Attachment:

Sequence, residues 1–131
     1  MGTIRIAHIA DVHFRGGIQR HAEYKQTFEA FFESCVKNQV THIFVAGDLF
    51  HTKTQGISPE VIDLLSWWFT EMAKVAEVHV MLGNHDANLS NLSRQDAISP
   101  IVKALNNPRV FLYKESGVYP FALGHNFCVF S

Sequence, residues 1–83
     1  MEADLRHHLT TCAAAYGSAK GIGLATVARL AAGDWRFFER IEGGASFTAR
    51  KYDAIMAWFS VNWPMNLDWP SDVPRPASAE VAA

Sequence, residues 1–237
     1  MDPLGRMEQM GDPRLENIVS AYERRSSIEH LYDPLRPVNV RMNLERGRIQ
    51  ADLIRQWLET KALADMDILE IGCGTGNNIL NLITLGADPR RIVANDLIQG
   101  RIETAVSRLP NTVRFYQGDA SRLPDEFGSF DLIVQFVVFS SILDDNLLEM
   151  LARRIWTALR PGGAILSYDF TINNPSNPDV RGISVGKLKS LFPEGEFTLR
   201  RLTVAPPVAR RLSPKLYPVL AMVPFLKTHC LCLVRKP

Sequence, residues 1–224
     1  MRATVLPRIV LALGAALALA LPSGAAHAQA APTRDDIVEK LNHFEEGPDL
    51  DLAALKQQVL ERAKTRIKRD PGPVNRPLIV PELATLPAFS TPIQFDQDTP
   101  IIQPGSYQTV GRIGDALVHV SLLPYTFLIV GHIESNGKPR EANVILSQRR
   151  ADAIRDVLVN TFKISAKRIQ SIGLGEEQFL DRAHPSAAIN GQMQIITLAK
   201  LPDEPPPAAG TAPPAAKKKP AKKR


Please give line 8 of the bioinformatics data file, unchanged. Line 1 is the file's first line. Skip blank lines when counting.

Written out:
Sequence, residues 1–237